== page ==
A fintech company based in the United States has become the first company to get approval from the Bermuda government to launch a cryptocurrency ICO.
A New Era for Bermuda
A US-based fintech company, Uulala, created a milestone by becoming the first company to gain ICO approval from the Bermuda government. The approval follows Bermuda’s new regulatory framework which came into effect earlier in the year.
As reported by The Royal Gazette, the announcement came during the Bermuda Executive Forum held in Miami, U.S, on October 18. According to the Minister of National Security, Wayne Caines, who was present at the forum, the approval was a starting point for the Island.
Commenting on the announcement, Garcia said:
It is an honor to be the first company to meet the Bermuda standard. We look forward to being ambassadors for this global financial hub in the blockchain and fintech space as we accomplish our mission of helping millions of underserved.
The purpose of the fintech company is to reach out to the unbanked and underbanked masses and make financial tools readily available. Uulala’s CEO, Oscar Garcia, said that the firm aimed to raise $50 million in its ICO. The CEO further added that the company initially managed to raise $10 million privately.
Garcia also said that the Uulala team were considering starting operation on the Island. Furthermore, the Uulala CEO commented that the Island’s prestigious financial status attracted the company. The company executive added that its ICO approval took four months.
Island Principalities Becoming a Haven for Cryptocurrency Business
Countries around the world are beginning to accept the nascent technology that is digital currency. Islands are particularly attracting cryptocurrency exchange platforms with their favorable regulatory framework. Some Islands have ambitions to become the “cryptocurrency hub of the world.”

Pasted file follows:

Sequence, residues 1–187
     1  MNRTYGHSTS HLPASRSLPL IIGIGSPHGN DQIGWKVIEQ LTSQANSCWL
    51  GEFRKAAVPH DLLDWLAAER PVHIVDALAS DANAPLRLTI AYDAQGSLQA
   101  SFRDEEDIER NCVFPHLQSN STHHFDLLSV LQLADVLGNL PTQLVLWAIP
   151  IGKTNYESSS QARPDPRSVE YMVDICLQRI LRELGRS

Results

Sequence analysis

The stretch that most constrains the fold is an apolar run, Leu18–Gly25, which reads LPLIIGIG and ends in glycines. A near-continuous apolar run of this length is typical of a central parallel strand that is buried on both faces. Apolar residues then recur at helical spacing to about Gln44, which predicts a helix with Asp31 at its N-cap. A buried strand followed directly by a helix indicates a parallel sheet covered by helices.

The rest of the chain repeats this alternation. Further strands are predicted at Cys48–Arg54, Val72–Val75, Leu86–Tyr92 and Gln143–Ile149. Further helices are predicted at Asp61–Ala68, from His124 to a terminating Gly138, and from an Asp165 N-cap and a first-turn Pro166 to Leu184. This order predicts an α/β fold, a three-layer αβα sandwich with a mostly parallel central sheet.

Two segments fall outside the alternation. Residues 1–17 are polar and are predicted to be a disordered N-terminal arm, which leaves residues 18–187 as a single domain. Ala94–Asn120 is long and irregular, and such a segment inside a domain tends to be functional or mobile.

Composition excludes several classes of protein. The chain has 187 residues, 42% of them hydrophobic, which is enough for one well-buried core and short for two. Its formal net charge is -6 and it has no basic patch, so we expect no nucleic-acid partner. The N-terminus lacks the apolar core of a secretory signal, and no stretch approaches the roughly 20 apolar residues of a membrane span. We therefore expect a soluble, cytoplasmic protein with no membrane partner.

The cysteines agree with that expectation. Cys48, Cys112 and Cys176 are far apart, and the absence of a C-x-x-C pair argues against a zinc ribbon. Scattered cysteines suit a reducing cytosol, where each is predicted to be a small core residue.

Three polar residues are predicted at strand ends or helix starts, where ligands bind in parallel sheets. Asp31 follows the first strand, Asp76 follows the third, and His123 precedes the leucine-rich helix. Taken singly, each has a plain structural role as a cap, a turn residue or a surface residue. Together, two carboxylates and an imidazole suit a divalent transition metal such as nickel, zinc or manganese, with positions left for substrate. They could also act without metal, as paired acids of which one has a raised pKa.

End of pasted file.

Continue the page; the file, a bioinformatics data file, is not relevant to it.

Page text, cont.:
One of such well-known Islands that have attracted cryptocurrency businesses is Malta. The Island’s crypto-friendly climate has attracted exchanges like Binance and OKEx. Poland’s BitBay also announced its move to the Island. Malta became the first country with a legislative framework regulating blockchain after approving three crypto bills. Recently, the Island announced that cryptocurrency regulations would take effect in November.
Apart from Malta, Antigua and Barbuda was touted to be another cryptocurrency-friendly country. In 2017, the country appointed Bitcoin proponent, Calvin Ayre, as an advisor on cryptocurrency implementation and blockchain utilization. In Q1 2018, Ayre built the $100 million Ayre Resort in Antigua, funded entirely on digital currency.
The British overseas territory, Gibraltar, in a joint session with its financial services commission, announced plans to regulate ICOs, making it a world first.
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